All of the vitriol coming out of the debate about the Affordable Care Act (a.k.a Obamacare) is enough to make even the most avid policy wonks and political junkies want to tune out. Many comments made over the last few years by proponents and opponents alike have been nothing less than absurd.
“But we have to pass the bill so that you can find out what is in it – away from the fog of the controversy.” – House Minority Leader Nancy Pelosi (D-CA)
Um, okay. Sounds a bit backward and condescending. Pelosi later put more context around her comment, but it’s still not what you typically want to hear from an elected official.
“And what is Obamacare? It is a law as destructive to personal and individual liberty as the Fugitive Slave Act of 1850 that allowed slave owners to come to New Hampshire and seize African Americans…” – New Hampshire state Rep. Bill O’Brien (R)
That has to be one of the worst analogies ever…but perhaps in a near tie with the inane Obamacare-Katrina comparisons that many media outlets made in November. As Daily Show host Jon Stewart so eloquently put it:
“Look, I’m not trying to polish the [dot]turd that is HealthCare.gov, but comparing the government abdication of responsibility after Katrina, the death of hundreds of people, the displacement of thousands of people to a f— website is offensive.”
That brings me to a story I discovered on “Freshly Pressed” the other day: A Day in the Life of Assistance by Graciela Guzman. Graciela is an Affordable Care Act enrollment specialist. In this post, she chronicles challenges faced in helping her clients navigate health-care programs.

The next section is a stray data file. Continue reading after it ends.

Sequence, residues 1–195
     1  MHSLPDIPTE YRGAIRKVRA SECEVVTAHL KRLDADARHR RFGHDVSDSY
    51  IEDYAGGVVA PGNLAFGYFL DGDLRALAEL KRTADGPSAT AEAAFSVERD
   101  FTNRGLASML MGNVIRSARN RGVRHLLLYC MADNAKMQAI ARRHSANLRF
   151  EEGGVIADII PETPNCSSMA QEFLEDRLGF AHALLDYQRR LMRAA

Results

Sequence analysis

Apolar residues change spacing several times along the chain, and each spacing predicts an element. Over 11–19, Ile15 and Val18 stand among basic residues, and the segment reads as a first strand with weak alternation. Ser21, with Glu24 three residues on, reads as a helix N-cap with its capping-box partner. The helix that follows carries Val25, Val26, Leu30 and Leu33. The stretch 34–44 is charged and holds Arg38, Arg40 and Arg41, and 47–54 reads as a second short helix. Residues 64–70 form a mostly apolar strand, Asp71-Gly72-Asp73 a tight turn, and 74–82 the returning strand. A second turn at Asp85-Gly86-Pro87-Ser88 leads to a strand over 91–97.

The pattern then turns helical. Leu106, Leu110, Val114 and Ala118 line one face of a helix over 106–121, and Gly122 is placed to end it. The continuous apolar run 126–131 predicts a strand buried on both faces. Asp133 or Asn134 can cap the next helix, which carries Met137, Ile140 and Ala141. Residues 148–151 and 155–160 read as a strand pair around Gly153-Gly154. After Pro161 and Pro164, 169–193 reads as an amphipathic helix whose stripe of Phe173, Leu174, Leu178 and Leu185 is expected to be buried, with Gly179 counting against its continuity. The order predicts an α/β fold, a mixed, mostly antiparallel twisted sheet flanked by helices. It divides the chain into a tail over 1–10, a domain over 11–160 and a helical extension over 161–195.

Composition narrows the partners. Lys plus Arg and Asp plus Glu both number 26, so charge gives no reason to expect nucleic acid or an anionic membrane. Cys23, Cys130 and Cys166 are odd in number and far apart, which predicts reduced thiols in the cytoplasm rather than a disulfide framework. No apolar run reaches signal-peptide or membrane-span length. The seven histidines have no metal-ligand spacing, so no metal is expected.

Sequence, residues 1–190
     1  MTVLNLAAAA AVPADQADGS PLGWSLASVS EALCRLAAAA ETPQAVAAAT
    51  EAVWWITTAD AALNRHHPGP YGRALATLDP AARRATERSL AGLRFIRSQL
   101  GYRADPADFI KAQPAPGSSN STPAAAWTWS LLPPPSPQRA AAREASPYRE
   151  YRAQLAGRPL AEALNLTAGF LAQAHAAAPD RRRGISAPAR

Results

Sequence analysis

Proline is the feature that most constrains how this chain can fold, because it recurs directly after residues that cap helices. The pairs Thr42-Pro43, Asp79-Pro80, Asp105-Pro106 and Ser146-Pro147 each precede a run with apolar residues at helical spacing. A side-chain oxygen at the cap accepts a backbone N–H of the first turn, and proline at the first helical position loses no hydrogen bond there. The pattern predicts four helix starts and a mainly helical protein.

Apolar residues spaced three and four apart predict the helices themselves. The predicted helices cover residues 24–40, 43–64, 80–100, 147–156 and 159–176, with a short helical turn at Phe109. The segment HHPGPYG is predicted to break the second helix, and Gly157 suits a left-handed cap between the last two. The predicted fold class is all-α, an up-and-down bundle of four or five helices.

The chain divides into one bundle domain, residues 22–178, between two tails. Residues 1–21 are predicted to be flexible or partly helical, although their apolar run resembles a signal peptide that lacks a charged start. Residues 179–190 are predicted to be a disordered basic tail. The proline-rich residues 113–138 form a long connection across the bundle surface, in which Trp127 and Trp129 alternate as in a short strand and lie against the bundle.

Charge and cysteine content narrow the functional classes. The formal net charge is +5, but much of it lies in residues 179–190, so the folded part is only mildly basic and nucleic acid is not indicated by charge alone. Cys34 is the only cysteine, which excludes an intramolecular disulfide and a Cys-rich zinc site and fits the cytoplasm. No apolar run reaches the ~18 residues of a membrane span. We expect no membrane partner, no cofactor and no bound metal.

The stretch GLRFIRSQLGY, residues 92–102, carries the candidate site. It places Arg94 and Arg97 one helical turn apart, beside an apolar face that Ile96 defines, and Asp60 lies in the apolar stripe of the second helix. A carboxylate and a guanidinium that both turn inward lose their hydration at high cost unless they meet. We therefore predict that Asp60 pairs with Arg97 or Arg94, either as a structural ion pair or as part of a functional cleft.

I have conflicted feelings about Obamacare, but I enjoyed reading about Graciela’s experiences. In fact, her post prompted me to leave this comment:
“I worked in a hospital before and saw firsthand the struggles from that perspective, but it was really interesting to read about the challenges on the front end of health care. Thanks for your dedication and for sharing your story!”
But Graciela’s post also reminded me that whenever I want to laugh (and then cry) about low-quality news coverage of a particular topic or simply need a break from the screaming extremists “debating” the big issue of the day, I have an alternative. There is an abundance of voices out there accessible through blogs – unique, less over-the-top points of view that traditional media often fail to capture.
So while I’m very excited about focusing on my personal journey to becoming a better writer this year, I’m also looking forward to stumbling across new, interesting blogs, stories and viewpoints along the way.
What about you? Do you experience news-coverage fatigue like me? Have you discovered a post about a hot topic that provided you with a refreshing perspective?
(This post was inspired by Zero to Hero: 30 Days to a Better Blog’s daily assignments: Day 11: Be a good neighbor — leave comments on three new blogs and Day 12: From comment to blog post — be inspired by the community.)
January 19, 2014 at 10:44 pm
Oh, yeah, I’m right there with you on news-coverage fatigue. And not just news, but the stream of bickering between opposing sides coming from entertainers, politicians, and even Facebook friends. I had not considered looking at blogs for the less reactionary, less polarizing, and perhaps better informed perspectives in blogs. Thanks for the idea!
January 20, 2014 at 10:08 am
Well, I’ve already found a few heated debates on some of the WordPress blogs that I’ve discovered over the past few weeks, but they still seemed more thoughtful than those I’ve witnessed elsewhere….we’ll see how long that holds true. 🙂